in Technology History
February 25 (continued)
The images below are from Davenport's patent for the electric motor, issued in early 1837.
Notice that the patent number is 132. Even though the U.S. Patent Office had granted thousands of patents since its first in 1790, new patents were not numbered until 1836 -- coincidentally, the same year as the patent office fire.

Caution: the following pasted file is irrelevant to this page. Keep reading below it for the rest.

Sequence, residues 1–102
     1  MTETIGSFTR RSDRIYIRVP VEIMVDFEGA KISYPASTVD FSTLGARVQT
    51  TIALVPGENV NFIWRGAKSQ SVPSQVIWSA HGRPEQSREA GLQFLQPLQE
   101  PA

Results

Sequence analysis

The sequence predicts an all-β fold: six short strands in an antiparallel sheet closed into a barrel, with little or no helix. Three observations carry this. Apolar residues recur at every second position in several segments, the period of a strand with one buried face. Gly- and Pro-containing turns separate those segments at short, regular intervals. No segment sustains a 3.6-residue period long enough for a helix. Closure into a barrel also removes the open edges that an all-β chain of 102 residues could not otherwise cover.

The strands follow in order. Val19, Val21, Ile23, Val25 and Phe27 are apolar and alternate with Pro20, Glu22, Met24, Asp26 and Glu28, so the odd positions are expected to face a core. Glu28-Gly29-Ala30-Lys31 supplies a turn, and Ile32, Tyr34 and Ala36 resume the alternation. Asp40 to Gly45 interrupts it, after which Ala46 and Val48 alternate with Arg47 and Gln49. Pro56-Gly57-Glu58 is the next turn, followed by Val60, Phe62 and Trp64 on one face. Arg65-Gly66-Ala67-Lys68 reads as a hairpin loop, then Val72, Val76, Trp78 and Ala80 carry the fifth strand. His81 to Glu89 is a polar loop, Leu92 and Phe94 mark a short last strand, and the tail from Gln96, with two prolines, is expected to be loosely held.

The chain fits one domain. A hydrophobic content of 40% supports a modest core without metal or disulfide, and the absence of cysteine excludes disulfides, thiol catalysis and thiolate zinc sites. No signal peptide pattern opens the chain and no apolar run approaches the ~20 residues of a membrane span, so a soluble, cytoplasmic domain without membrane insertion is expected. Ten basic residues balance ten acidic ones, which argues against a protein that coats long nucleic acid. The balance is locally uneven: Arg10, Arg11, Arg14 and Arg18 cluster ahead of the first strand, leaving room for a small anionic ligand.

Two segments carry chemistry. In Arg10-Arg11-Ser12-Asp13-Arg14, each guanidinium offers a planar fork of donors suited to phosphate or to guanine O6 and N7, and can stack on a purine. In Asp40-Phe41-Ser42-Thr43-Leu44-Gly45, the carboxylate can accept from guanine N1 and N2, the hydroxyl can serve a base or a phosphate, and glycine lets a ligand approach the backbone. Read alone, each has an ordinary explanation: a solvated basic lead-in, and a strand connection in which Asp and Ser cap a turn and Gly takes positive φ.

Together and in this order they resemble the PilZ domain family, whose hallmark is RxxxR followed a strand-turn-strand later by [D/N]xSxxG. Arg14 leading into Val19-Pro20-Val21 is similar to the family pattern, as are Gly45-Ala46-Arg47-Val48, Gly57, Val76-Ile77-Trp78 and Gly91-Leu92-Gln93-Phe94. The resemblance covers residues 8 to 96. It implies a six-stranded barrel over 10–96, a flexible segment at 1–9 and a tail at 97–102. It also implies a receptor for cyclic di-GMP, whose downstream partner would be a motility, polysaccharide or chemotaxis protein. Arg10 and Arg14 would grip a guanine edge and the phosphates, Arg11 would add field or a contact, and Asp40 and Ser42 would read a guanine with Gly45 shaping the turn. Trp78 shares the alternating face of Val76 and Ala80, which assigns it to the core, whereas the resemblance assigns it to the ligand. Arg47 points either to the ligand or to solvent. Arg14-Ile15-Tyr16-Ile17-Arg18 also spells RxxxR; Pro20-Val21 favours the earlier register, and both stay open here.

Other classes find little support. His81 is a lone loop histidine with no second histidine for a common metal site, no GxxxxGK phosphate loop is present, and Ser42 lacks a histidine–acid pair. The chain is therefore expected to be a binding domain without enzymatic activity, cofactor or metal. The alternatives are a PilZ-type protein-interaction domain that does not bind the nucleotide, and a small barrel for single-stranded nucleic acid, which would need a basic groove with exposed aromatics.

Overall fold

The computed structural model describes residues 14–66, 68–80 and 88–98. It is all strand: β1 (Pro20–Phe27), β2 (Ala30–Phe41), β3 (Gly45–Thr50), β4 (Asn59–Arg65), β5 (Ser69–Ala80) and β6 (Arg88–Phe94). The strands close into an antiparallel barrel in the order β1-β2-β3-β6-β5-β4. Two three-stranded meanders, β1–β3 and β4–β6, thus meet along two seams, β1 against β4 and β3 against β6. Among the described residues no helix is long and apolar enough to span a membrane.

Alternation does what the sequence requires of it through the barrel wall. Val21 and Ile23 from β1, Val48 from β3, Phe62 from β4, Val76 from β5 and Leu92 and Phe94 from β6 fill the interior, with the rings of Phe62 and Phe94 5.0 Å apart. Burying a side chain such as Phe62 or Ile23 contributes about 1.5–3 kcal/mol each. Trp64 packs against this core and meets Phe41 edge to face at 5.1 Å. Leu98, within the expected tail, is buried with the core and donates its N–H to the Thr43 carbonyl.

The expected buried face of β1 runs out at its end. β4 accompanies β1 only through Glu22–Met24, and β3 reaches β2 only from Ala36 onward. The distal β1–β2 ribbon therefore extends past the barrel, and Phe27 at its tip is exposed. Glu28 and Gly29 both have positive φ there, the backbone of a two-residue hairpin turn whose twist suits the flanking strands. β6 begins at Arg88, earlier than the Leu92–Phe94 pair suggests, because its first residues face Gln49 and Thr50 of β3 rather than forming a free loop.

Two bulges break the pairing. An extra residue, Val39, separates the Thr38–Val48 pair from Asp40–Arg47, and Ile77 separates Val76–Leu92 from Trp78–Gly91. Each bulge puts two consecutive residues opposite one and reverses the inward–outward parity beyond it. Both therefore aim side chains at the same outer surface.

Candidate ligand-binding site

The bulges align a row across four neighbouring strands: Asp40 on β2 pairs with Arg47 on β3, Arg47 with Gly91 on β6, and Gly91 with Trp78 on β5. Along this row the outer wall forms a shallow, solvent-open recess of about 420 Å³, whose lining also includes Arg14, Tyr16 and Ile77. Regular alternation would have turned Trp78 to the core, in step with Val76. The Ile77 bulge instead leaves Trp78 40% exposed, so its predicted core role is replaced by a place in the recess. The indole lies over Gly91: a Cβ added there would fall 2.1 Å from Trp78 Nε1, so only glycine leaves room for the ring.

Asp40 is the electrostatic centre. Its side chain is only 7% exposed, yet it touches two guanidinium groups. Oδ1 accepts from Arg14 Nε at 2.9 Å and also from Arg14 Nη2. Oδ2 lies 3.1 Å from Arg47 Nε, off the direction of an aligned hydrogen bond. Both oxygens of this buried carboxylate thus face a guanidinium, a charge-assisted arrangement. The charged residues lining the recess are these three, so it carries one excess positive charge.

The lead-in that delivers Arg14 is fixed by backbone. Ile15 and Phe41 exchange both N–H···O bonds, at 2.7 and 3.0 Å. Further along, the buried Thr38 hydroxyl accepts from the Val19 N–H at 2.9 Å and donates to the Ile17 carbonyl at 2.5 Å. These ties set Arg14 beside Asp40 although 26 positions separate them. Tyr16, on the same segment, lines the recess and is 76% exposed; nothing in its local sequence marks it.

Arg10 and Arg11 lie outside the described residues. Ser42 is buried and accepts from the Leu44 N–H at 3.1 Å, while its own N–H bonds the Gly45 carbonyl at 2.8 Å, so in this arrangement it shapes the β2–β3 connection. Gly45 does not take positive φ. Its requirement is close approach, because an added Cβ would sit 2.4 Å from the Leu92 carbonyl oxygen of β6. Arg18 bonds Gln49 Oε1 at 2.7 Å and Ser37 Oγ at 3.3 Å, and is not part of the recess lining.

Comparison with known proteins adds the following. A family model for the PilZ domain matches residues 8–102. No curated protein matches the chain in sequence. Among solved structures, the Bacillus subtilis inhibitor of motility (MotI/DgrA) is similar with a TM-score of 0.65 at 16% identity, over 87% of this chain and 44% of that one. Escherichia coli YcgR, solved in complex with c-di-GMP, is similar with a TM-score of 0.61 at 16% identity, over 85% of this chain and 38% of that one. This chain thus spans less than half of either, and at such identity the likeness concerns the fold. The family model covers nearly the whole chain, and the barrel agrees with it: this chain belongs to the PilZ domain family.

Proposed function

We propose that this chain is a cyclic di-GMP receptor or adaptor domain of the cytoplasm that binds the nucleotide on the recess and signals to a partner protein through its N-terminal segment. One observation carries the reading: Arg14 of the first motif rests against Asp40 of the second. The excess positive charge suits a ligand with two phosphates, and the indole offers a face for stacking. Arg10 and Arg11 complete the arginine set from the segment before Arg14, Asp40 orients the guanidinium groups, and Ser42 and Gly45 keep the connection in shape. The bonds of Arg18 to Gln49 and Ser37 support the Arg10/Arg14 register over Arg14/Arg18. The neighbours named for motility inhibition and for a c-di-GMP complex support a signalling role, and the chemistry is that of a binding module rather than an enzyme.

The "galvanic magnets" and "artificial magnets" are the heart of Davenport's invention. A battery supplies an electric current to the electromagnets, and the magnetic forces of attraction and repulsion turn the wheel. The patent describes Davenport's invention as a "propelling machine." Elsewhere, he described it as an "engine," but we would consider it a motor today.
These images are courtesy of the U.S. Patent Office.
Please be patient -- the images might take a moment to load.
Click here to close this window.
For errors, broken links, questions or comments,